Over the coming weeks, Hendren maintained positivity and optimism for his recovery. His life partner, Nicole Pence, continued to be a huge support on his journey. He shared his first Facebook post on April 5, 2020:
I am improving daily and will know if the stem cell therapy worked after my next bone marrow biopsy, April 10th. Currently we have determined the chemo killed off everything and the new blood cells have no mutations or deletions. But we need Scott’s stem cells to ‘engraft’ and give me a whole new immune system. While they can see numbers improving in my blood work daily, they need a bone marrow biopsy to determine if the engrafting is successful. Fingers crossed, we are still living in a 50/50 chance for a cure. I like to think of that as a ‘glass is half full’ scenario instead of the other. We have been fortunate enough to have researched and found the world’s best doctors for myelodysplastic syndrome and each step of the process has been successful so far. No reason to stop now … these last few steps should be as well.
Within a month, Hendren was running outside again and shared another heartfelt update on May 18, 2020:
My Garmin says I’m ‘overreaching’ with my training. Needless to say, I’m running now, not nearly as far nor at the pace I used to keep. But having the sun warm my face, the sweat roll down my neck, and my legs ache from pushing it to the edge, I couldn’t be happier and look forward to seeing everyone in June, sometime. A big thanks to all of you who have stayed current with my progress, and keep me motivated to do better. Your comments and posts have made me laugh on the days when it seemed like nothing but dark clouds hung overhead. Nicole has been unbelievable through all of this. Constantly making sure I’m being careful and safe, even from afar. Saw my transplant doctor and his team, today. Dr. Champlin was almost giddy with delight over my blood work. They said, ‘… This couldn’t be any better, perfect numbers … you’re ready to go home… just one more bone marrow biopsy in a few weeks to confirm we are still headed in the right direction, and you can go.’ … And I thought it was a good day because my new running shoes came in the mail! So, I’ll take this little victory and add it to all of the other little victories I’ve had this spring … and count myself as one of the lucky ones.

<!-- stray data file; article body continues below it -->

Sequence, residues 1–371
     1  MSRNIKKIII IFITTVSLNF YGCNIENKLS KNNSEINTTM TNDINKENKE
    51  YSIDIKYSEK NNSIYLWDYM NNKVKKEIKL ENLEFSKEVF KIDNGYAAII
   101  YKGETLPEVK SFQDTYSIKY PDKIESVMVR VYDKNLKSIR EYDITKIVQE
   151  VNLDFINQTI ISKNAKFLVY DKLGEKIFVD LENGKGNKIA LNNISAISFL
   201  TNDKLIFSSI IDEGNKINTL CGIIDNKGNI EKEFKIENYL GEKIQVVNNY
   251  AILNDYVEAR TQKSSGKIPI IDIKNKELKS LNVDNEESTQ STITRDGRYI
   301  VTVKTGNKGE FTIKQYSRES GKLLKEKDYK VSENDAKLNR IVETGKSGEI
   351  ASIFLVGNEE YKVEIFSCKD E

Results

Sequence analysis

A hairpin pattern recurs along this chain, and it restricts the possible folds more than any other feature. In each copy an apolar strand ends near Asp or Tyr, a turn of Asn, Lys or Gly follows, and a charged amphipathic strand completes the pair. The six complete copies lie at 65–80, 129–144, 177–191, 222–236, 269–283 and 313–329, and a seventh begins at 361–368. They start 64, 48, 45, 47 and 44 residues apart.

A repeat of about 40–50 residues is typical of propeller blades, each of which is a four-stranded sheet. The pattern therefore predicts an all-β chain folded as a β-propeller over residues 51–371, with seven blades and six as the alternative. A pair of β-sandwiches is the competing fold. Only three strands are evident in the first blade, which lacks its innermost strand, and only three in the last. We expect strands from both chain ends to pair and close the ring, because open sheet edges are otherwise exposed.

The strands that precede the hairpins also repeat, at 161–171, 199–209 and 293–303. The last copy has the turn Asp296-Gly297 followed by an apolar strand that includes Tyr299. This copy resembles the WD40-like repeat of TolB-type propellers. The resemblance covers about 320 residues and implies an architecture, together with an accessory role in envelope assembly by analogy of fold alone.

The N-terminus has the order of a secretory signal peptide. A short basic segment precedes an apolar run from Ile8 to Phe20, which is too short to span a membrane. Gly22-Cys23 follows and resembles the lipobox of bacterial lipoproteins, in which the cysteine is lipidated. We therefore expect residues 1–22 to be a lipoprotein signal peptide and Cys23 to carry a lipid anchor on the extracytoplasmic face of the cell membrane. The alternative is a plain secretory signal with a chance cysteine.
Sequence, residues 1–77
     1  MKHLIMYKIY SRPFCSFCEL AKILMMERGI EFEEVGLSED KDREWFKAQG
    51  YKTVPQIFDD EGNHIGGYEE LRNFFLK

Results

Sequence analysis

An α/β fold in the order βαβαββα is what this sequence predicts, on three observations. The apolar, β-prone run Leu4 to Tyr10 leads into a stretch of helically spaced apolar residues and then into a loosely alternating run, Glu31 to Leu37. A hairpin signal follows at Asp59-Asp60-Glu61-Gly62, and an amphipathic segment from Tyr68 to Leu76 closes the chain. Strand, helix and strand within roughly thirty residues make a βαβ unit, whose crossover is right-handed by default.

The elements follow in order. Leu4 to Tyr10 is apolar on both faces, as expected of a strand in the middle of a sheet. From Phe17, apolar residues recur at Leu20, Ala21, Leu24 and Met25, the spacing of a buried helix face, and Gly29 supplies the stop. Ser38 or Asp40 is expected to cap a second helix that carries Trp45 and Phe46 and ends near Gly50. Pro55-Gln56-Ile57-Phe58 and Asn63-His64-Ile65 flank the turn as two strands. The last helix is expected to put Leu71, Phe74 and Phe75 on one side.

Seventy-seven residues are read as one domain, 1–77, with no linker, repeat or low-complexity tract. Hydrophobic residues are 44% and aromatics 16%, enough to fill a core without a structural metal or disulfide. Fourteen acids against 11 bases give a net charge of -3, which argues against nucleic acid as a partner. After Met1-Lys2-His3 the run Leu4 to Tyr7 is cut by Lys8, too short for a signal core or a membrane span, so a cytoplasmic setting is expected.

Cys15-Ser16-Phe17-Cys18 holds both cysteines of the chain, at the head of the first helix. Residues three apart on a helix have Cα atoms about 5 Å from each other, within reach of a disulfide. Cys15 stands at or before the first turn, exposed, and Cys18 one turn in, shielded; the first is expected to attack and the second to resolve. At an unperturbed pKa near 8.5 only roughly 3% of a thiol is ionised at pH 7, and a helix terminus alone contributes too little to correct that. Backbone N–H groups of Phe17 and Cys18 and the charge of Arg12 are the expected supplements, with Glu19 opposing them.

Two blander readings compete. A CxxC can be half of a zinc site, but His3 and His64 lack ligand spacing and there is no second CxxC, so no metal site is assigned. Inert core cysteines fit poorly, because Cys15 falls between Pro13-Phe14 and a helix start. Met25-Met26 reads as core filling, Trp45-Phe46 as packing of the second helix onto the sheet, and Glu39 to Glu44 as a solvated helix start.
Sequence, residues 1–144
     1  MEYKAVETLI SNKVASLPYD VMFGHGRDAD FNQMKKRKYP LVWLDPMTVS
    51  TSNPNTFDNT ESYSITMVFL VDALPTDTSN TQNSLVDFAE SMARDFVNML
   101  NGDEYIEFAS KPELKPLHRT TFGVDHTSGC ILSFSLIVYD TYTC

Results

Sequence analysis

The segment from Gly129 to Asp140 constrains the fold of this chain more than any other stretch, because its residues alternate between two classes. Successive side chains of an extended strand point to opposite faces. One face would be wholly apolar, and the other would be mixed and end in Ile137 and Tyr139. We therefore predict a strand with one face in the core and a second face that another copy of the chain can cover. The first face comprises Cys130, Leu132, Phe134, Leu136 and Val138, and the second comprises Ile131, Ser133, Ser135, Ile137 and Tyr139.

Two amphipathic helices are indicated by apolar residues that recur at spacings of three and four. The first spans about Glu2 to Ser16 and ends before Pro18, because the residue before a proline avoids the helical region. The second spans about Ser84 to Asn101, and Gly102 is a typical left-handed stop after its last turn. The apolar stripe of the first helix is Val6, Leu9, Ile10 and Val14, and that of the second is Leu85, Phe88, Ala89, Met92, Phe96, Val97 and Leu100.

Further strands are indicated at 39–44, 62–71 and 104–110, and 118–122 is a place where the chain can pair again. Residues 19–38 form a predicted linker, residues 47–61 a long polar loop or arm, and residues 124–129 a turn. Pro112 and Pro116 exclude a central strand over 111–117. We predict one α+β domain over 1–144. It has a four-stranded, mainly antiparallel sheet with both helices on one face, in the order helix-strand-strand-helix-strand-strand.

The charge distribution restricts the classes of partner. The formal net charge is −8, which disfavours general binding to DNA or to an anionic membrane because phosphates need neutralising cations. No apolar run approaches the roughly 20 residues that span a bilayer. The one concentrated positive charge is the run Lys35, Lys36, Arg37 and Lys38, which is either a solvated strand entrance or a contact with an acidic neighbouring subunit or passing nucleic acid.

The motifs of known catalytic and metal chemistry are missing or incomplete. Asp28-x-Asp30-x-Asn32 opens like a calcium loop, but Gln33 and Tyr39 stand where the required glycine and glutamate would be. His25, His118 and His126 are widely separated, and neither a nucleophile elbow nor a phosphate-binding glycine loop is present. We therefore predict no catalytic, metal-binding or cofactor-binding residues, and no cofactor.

By June 2020, Hendren was allowed to leave the hospital and return home. “With my brother Scott’s new blood, I got a new life. If you asked me what I wanted prior to 2020, I wanted to run a big 200-mile race out West. Now, I’m happy to be alive. I’m happy to get out every day and run,” he said.
The return-home rules were strict because his immunity was completely wiped away and no vaccine existed yet for COVID-19. No plants were allowed in his house. No birds, no dogs, no pet fish. Someone had to sterilize the home before his arrival. Hendren was completely isolated at home until February 2021.
Pence wiped down and cleared his house and filled the fridge with groceries. They would meet for long runs and stay several feet away from each other.
“The situation was, ‘We’ve worked really hard to give you a new life — don’t mess it up,’” said Hendren, who was also $1.5 million in debt.
By November 7, 2020, Hendren ran his first 50k since his diagnosis. On the one-year anniversary of his stem cell transplant from his brother Scott, he was still in remission and cancer-free, Dr. Dugan told him over the phone on March 11, 2021.
“They don’t call it cured for five years, and I’m in full remission now. I hope to stay that way,” said Hendren.
He continued, “I want to be a 100-mile runner and do more 100-mile races. That’s my favorite race distance. I also enjoy 50 milers, because they seem so easy! And now that I’ve battled cancer and finished a 100-mile distance, I am eager to see what my body is still capable of doing.”
Hendren DNFed his first century-distance attempt, the 2018 Leadville 100 Mile. Becoming “hellbent” on finishing a 100 miler, he attempted — though didn’t reach the finish line of — six more 100-mile races. He finished his eighth pursuit, the Kettle Moraine 100 Mile in Wisconsin on June 11, 2022, after his battle with cancer.
Cancer has helped shape Hendren in new ways. “I’m just happy to be alive. I feel like I have a lot more patience now,” he said, and he also no longer works full-time. Instead, he does project work, now, as a builder.
Hendren’s passion for the sport and community is clear, said friend and running partner Matt Roberts, who first met Hendren when Roberts was preparing for the Potawatomi Trail Runs 100 Mile in April of 2021. The race was Roberts’s first 100 miler and he needed a pacer. Hendren volunteered to help at the race and offered advice over several phone calls leading up to the event, where he paced Roberts through 40 miles of muddy, gnarly terrain.
“On any given weekend, one will find Jon running a local trail, meeting the community, and building friendships … Jon would be the first to step in and help a struggling crew, hand off a ginger ale to a sick runner, or give you a much-needed calf massage mid-race. Jon is incredibly invested and celebrates the successes of the people around him even more than his own successes. Most recently we were out in Leadville, Colorado, for the Leadville 100 Mile, and I watched as tears ran down his face as our fellow runner, Dan Morrow, ran across the finish line. You can’t overstate how much Jon gives to this community,” shared Roberts.
Hendren said, “I feel so extremely fortunate that I was able to find and get help from the correct doctors and that I’m able to be here to go out for a run and enjoy life. I’m enjoying a new phase of life. From my early 20s to now, I worked my butt off building and running cafes and coffee shops. Now, I will take on little projects here and there — and run. I want to enjoy life to its fullest every day.”